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Leadership Lessons from Outward Bound

Posted by Brandon Sherman ’20 on Feb 7, 2019 2:42:37 PM

Excerpts from a speech by Brandon Sherman ’20

IMG_4856About a year ago today, my advisor, Ms. Kaplan, elbows me during All-School and says, “pay attention, you’re going on this.” Sure enough, about four months later I found myself heading off in June on an Outward Bound trip, having successfully applied for the Tabor Outward Bound Scholarship.

Essentially Outward Bound is an organization that offers a variety of outdoor exploration and learning trips. The trip that I went on was two weeks long, mainly canoeing and backpacking near the Appalachian trail in Maine. We never went indoors and carried all of our supplies, clothes, food, and other resources on our backs. We hiked over 75 miles and canoed over 85, going about 11 and a half miles per day.

IMG_4862If you take away anything from my speech today I want you to know that those two weeks were both the most informative, and the hardest of my life. I made connections with students on the trip that I know for a fact will last me a lifetime, and I learned to be grateful for what I have and to never take anything for granted. This trip was extremely challenging, it pushed me mentally and physically and showed me that my problems back home aren’t nearly as difficult or as stressful as I perceive them to be.

This trip wasn’t just a physical challenge, it also helped teach leadership. Countless times I found myself stepping up to help out my group or to go the extra mile simply because I knew it was the right thing to do and that someone had to step up. From dealing with conflicts between friends to making sure everyone is efficient and on task, to simply talking to people and interacting without any other distractions, this trip showed me how to lead. It showed me that there is no problem too small to act on, and no problem that can’t be solved.

My perspective on life as a whole has honestly shifted. Before this trip, the smallest of problems were enough to drive me crazy and lead me to become less efficient and more emotional. However, after my two weeks in Maine, I’ve learned to deal with my problems through a much clearer lens. I learned to take in what problems are going on, what I need to do to fix them, and who I can use as a resource other than myself. I know that at face value this may not sound intriguing to some people: two weeks in the woods? In a tent? Like with bugs and stuff? Without a phone? Trust me, I wasn’t thrilled by the idea of it either, however, there were moments on this trip where I don’t think anything could’ve been better.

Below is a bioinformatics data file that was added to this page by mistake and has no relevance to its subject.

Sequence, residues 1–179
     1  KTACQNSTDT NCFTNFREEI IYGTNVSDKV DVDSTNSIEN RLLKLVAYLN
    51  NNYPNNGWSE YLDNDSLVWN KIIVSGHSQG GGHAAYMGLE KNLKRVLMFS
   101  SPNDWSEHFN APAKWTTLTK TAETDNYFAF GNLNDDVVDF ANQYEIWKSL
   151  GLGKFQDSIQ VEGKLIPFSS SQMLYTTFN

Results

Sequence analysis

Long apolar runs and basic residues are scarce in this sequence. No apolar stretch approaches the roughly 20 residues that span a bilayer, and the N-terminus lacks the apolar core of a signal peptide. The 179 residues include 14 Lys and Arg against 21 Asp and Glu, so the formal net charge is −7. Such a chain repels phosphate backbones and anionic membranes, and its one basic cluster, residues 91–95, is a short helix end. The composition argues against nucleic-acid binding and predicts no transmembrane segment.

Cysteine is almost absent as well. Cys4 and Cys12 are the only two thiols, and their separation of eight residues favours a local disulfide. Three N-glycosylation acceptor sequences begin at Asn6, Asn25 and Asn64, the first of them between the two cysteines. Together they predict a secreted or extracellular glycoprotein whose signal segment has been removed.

IMG_4873I’ll end with a story that I think captures my experience at Outward Bound. We woke up at 6:00 AM, just as the sun was rising, and hiked the Appalachian Trail for about six hours, before departing from the trail and going into the thick, unexplored forest. We marched on for the rest of the day, going up about four other small mountains before finally reaching our destination, a peak that sloped up at basically a 90-degree angle. After about an hour of zig-zagging up the mountain, we finally made it to the top, just to see a fire tower that shot up another 150 feet into the sky. After climbing the ladder up, which with me being afraid of heights made for a lot of fun, I reached the platform at the top where one of our counselors told us that this was one of the highest peaks in all of the eastern U.S. We were above most clouds and I could see for miles, and I couldn’t see a single road, truck, building, or phone. That night, with no light pollution from any cities, I slept under the stars and saw more in one night than you’d see in an entire year.

I learned that being a leader isn’t about telling everyone what the plan is, or having all the right ideas, or directing everyone around. I learned that being a leader means you don’t quit, and that you will do whatever it takes to make sure that the person next to you has the best experience possible and is in the best position to succeed. Sometimes, simply pressing on and not giving in when massive amounts of adversity are thrown your way, is what makes you a leader.

Today, I wear a bracelet with the pin I got from the trip on my wrist most days; it reminds me how much one person can do and that no task is too large to tackle.IMG_4866

Topics: Leadership at Tabor